Urban Housing in Anglo-Norman England
At the time of the Conquest streets in the centre of towns like London and York were lined with narrow properties packed with buildings, often two or more deep. Typically, town buildings in the 11th- 12th centuries employed earth-fast posts for their walls and no timber-framed structures of later medieval type are known. Archaeological evidence shows that between the bases of the posts there were beams into which secondary uprights were fitted with simple mortise and tenon joints. The spaces between the uprights were usually filled with wattle and daub or horizontal boards. The character of the roofs is uncertain, but the ground beams were probably matched by a rail at the top of the wall to which either paired rafters or braced trusses were fitted; the roofing material was usually thatch.. Some of these buildings had basements used for secure storage of goods. In the centre of the main room there was a hearth; it was not covered in any way and so it is no wonder that fire was an ever-present menace.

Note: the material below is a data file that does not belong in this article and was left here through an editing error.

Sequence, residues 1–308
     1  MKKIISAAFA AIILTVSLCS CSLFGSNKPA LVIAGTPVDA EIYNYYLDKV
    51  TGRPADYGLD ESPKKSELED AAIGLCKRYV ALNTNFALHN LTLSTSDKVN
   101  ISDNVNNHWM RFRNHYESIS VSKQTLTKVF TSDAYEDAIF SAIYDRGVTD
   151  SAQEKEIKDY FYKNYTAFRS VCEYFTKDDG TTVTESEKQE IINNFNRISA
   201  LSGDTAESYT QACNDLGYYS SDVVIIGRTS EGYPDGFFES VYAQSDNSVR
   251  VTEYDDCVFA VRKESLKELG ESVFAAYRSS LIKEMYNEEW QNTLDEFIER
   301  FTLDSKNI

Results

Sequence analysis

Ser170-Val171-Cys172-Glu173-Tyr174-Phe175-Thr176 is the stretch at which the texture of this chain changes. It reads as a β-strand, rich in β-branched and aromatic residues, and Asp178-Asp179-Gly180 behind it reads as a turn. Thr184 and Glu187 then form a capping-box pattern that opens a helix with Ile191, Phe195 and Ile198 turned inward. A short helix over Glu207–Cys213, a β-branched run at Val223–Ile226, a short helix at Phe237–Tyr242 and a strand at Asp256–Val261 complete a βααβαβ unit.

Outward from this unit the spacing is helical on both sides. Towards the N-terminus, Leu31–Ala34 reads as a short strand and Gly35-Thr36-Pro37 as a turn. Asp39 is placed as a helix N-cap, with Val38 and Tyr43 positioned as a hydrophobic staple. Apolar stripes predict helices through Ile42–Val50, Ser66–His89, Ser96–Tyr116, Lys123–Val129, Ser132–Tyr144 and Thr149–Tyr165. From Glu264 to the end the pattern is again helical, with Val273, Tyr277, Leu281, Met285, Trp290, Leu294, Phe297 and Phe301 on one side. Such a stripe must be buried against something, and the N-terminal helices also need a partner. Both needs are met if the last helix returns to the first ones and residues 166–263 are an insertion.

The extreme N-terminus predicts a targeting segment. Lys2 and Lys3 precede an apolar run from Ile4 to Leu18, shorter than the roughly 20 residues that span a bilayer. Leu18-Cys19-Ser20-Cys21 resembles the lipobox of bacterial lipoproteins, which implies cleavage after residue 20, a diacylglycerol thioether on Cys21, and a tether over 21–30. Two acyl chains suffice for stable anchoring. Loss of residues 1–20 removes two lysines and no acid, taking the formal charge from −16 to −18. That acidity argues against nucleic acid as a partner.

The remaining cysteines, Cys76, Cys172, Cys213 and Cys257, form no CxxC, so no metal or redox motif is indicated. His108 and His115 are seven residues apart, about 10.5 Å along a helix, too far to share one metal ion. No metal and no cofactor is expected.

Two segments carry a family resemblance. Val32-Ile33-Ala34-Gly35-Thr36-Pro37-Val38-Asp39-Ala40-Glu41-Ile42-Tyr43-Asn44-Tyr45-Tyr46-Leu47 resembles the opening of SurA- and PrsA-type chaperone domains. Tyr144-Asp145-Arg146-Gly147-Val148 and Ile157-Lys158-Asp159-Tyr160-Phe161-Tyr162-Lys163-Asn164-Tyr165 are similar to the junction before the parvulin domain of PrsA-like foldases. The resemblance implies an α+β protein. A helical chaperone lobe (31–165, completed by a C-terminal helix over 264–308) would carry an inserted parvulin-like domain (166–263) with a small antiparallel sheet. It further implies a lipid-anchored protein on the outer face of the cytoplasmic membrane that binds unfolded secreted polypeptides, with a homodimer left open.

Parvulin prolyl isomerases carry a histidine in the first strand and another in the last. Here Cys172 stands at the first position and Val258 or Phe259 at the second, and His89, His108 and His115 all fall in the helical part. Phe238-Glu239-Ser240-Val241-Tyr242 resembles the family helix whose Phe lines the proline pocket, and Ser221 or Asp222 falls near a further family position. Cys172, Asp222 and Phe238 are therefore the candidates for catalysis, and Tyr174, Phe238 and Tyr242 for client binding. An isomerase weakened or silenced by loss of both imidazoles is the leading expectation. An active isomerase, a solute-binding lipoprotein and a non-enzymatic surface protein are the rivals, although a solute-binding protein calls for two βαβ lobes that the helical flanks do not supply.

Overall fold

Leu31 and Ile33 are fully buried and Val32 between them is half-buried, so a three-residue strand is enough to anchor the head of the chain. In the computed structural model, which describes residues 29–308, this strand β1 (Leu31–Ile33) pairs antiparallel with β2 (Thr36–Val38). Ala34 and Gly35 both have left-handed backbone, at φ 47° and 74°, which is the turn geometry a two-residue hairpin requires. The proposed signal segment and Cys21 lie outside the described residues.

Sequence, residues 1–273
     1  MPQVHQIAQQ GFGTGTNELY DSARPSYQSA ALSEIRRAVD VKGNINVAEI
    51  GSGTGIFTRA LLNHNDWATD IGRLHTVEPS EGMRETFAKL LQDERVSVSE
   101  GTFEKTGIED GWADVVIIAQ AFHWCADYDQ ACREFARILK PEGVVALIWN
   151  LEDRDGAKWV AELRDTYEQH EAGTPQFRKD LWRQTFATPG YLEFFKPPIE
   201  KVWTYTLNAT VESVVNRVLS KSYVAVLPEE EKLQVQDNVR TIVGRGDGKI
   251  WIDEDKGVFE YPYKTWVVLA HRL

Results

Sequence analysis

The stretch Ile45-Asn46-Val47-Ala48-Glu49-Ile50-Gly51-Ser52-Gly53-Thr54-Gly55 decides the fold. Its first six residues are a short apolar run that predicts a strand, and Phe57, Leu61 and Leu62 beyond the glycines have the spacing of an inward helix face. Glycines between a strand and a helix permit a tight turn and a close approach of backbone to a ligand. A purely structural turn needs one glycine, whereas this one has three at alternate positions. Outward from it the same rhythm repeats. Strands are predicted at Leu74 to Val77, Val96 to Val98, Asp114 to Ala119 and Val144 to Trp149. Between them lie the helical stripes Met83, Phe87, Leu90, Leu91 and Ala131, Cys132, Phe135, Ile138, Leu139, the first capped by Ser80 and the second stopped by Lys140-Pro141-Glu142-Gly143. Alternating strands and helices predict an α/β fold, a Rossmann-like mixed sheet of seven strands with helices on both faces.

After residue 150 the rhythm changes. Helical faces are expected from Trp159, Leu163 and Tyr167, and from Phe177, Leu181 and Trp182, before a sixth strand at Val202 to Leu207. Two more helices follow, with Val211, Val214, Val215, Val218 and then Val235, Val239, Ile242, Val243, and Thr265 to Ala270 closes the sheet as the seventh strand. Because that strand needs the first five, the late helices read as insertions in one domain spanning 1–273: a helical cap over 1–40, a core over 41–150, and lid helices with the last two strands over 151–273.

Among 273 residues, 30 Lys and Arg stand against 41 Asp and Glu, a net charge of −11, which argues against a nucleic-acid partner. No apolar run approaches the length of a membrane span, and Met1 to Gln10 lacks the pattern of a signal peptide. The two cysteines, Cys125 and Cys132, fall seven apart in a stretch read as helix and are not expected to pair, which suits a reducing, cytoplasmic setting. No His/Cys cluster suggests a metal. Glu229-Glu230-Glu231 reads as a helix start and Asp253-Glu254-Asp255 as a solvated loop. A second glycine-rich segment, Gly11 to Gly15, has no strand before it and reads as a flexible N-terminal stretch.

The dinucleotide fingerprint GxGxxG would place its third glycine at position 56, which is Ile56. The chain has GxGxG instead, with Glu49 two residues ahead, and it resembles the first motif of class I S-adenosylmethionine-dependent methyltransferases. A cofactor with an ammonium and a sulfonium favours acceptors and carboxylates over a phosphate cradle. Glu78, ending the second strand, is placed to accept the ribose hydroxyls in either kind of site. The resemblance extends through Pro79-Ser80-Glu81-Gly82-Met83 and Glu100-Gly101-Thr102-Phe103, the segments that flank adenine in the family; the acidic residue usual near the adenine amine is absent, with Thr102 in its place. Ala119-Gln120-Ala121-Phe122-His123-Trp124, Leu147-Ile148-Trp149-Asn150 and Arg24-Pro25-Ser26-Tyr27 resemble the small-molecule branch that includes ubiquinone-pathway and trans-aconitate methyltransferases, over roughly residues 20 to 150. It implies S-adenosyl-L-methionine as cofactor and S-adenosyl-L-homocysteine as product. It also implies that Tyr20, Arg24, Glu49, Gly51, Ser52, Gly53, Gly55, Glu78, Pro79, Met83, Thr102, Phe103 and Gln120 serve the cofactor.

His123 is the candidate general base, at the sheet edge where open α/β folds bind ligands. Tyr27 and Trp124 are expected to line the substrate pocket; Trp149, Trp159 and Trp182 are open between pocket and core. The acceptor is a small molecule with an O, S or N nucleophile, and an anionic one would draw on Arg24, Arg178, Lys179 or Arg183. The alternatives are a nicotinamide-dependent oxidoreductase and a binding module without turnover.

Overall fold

Stone houses were rare in towns until the mid 12th century, but were introduced partly because they offered a wealthy merchant protection for his property against fire and theft, and partly because they demonstrated his superior social status. In London Norman stone houses were concentrated in the main commercial streets and on the Thames waterfront. Accommodation for the owner was usually at first floor level and, in addition to the main hall, a space was partitioned off to give him some privacy, otherwise denied to most town dwellers. On the ground floor there was space for storage, workshops and commercial activities. At Southampton 'King John's House' of about 1150 had a series of large arches facing the quay which gave access to a ground floor warehouse for bulky goods.